- Rob Demovsky, ESPN Staff Writer
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And it will be that way again Saturday.
But once rookie orientation camp ends and the veterans join in next week, Hundley's snaps will decrease significantly.
That's why even though he only received his playbook the day before, the nearly two-hour practice was key to the start of Hundley's indoctrination into the NFL. And if his initial performance was any indication, he might have a future in this league.
Sure, he bobbled an exchange with his center once and threw an interception that second-round pick Quinten Rollins returned for a touchdown, but the fifth-round draft pick from UCLA displayed some of the athleticism and arm strength that made the Packers trade up to take him at No. 147 overall last week.
"I thought he threw the ball well, particularly anticipation," Packers coach Mike McCarthy said after Friday's practice. "Any time you watch a quarterback come in Day 1 with all new receivers, new cadence, new center, particularly working on under center exclusively with a new center, I thought he had some throws that he threw on anticipation, that's always encouraging.
"But there's always a lot to learn, particularly at that position. I'm sure there will be some things when he goes through the quarterback profile practice that we have with all the quarterbacks next week, there will be something there that we'll continue to work on. But [he's an] excellent athlete. I'm glad he's here."
Can Hundley realistically compete with Scott Tolzien to be Aaron Rodgers' top backup?
That won't be known until training camp and perhaps the preseason games, but Hundley handled the rookie camp with relative ease. He didn't appear fazed that he took the majority of the snaps in practice. The only other quarterback in camp is Blake Sims of Alabama, who is in on a tryout basis.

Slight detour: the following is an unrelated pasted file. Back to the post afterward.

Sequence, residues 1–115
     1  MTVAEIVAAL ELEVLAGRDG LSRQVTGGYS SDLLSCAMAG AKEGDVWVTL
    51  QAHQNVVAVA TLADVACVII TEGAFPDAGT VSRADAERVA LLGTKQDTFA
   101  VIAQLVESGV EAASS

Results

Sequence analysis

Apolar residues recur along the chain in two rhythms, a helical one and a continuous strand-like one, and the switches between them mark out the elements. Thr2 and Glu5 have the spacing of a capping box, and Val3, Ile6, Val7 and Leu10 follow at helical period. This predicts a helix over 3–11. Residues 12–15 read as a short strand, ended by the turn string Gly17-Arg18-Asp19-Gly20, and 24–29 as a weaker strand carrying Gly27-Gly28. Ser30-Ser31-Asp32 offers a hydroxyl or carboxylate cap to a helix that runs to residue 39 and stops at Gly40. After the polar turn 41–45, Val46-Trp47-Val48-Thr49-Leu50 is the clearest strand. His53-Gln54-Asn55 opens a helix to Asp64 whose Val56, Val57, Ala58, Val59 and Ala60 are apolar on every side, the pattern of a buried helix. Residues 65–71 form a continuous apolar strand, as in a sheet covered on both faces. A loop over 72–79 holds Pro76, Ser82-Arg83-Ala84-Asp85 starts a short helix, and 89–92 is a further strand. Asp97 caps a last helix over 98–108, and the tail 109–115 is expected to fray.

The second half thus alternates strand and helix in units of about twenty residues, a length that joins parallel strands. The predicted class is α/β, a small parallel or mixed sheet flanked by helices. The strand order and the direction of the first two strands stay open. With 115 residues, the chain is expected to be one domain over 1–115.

"There was no, 'Hey, welcome.' It was all like, 'Let's jump into it and let's roll,'" Hundley said. "That's what you want, just to start playing football again. So it's been non-stop and I'm enjoying it."
The biggest adjustment for Hundley -- other than the Packers' massive playbook -- probably will be playing under center. In UCLA's spread offense, he operated from the shotgun or pistol. At times Friday, quarterbacks coach Alex Van Pelt would stop a drill to show Hundley the proper footwork on a drop back.
"That's probably a big change," Hundley said. "I didn't do that much in college. Schemes is just learning the terminology. They have a lot more detail in their playbook, but you can relate to things you did in college."
Hundley spent time before the draft with former NFL quarterback Kurt Warner, who also was tutoring San Francisco 49ers quarterback Colin Kaepernick. Asked if his game resembles Kaerpnick's, Hundley chose a different, yet perhaps equally mobile quarterback in the Seattle Seahawks' Russell Wilson.
"Colin's a great quarterback, but at the same time I see myself more transitioning into a Russell than a Colin," Hundley said.
Damarious Randall, the Packers' first-round pick, can attest to that. The defensive back from Arizona State faced Hundley twice in college. In the 2013 meeting, Hundley completed 18-of-26 passes for 253 yards with two touchdowns and one interception. Last season, Hundley completed 18-of-23 passes for 355 yards with four touchdowns and no interceptions. In the 2014 game, he also rushed eight times for 72 yards and a touchdown.
"I actually think he's a physical freak," Randall said. "I mean, I think he's a great, great athlete. He has tremendous arm strength."
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